Published online Jan 26, 2020. doi: 10.4252/wjsc.v12.i1.35
Peer-review started: June 29, 2019
First decision: July 31, 2019
Revised: September 11, 2019
Accepted: November 13, 2019
Article in press: November 13, 2019
Published online: January 26, 2020
Keratoconus is a disease in which the front part of the eye, the cornea, becomes cone-shaped resulting in impaired vision. It is not clear why this disease occurs and why it progresses, although current treatments can help to improve vision. Reports in the literature of cross linking treatments that removed some of the native cells and strengthened the matrix, only halted or slowed the disease process for relatively short periods. On the contrary, transplanting healthy tissue containing healthy cells and matrix reduced recurrence rates. From this, we hypothesised that introducing healthy cells may be able to stop progression of the disease process. Stem cells possess many reparative and regenerative characteristics. Stem cell-enriched spheres cultured from healthy human corneal donors have been shown to be able to elicit healing responses and also can be implanted into normal corneal tissue to repopulate it. However, this regenerative ability of spheres has not previously been studied in diseased corneal tissue.
This study aimed to analyse how stem cell spheres behave in keratoconic tissue. It was not known whether stem cell spheres could survive or how they would behave when implanted into diseased corneal tissue. The eventual goal is to be able to use stem cell spheres for implantation and direct them to regenerate or repair diseased cornea with minimal invasiveness to donors and recipients.
Our research objectives were to implant stem cell spheres into keratoconic tissue and observe cell survival, proliferation, migration and differentiation. This data will inform the use of stem cell spheres for implantation into diseased tissue as a therapeutic tool.
Spheres were implanted into full-thickness keratoconic tissues and also onto 10 µm thin slices of keratoconic stromal tissues. Similar implants were done in non-keratoconic tissues for comparison. Spheres were stained with the live cell stain Calcein-AM and imaged between days 0 and 14. Sphere implanted tissues were also analysed using indirect immunohistochemistry and droplet digital PCR.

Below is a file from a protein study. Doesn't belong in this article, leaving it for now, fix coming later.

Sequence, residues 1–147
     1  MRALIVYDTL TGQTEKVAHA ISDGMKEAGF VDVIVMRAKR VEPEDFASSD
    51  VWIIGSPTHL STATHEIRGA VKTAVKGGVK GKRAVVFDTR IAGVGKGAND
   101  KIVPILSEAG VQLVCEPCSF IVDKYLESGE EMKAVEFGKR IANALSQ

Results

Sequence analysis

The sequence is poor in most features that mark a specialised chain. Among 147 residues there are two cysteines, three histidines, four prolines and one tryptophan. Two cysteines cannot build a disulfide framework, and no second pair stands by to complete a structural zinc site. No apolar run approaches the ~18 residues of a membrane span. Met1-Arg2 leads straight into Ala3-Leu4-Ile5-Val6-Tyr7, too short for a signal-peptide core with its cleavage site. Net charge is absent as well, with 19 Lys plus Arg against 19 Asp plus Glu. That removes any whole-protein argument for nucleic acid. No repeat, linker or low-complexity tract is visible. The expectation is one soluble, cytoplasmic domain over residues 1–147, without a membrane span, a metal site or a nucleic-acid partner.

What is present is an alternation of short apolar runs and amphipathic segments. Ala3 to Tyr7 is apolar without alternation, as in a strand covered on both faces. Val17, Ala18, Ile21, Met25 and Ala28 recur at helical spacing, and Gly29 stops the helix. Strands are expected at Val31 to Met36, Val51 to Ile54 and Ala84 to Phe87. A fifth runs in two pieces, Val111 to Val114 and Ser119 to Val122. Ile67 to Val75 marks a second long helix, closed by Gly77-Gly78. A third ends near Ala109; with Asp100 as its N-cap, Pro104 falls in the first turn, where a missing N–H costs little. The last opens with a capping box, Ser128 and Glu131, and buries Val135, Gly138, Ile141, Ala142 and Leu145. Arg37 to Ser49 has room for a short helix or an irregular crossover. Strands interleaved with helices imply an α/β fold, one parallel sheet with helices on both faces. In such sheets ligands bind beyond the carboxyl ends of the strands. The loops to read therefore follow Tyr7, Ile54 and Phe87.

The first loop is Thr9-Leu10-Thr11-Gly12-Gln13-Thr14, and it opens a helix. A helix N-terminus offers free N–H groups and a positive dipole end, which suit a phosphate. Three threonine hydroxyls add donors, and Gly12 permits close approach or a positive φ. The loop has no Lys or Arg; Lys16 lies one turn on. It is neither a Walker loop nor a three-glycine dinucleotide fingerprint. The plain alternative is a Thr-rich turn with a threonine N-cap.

Our results showed that spheres were able to survive to 14 d after being implanted into keratoconic and non-keratoconic tissues, both into full-thickness tissues as well as onto 10 µm tissue slices. There were no significant differences observed between how spheres migrated on keratoconic tissue compared to non-keratoconic tissue. Cells migrated from spheres radially and aligned with tissue edges. Cells were observed to increase in number with time by direct observation and by detection of cell proliferation markers. Putative stem cell markers were still detected 14 d post implantation but with lower levels of expression in the spheres implanted on keratoconic tissue compared to those implanted on normal tissue. Stromal cell markers increased while epithelial cell markers reduced indicating that spheres exhibit a response appropriate to the stimulus of stromal tissue. Future work will determine whether the cells will ultimately differentiate into keratocytes or how sphere-derived cells would progress in vivo.
This study provided a novel insight into the implantation of healthy cells aimed at reducing disease progression in degenerative diseases like keratoconus. It has shown early insights into how spheres behave when implanted into diseased keratoconic corneal tissues. If healthy cells derived from implanted stem cell spheres can influence the diseased milieu into a healthier scenario, stem cell sphere implantation could be used to supplement corneal cross-linking procedures and delay the deterioration of vision for patients with keratoconus.
This study informs the use of stem cell-enriched spheres as therapeutic agents in ocular tissue matrices. Future research would aim to study these interactions and how best to progress towards being able to use stem cells as a therapeutic adjunct to current treatments.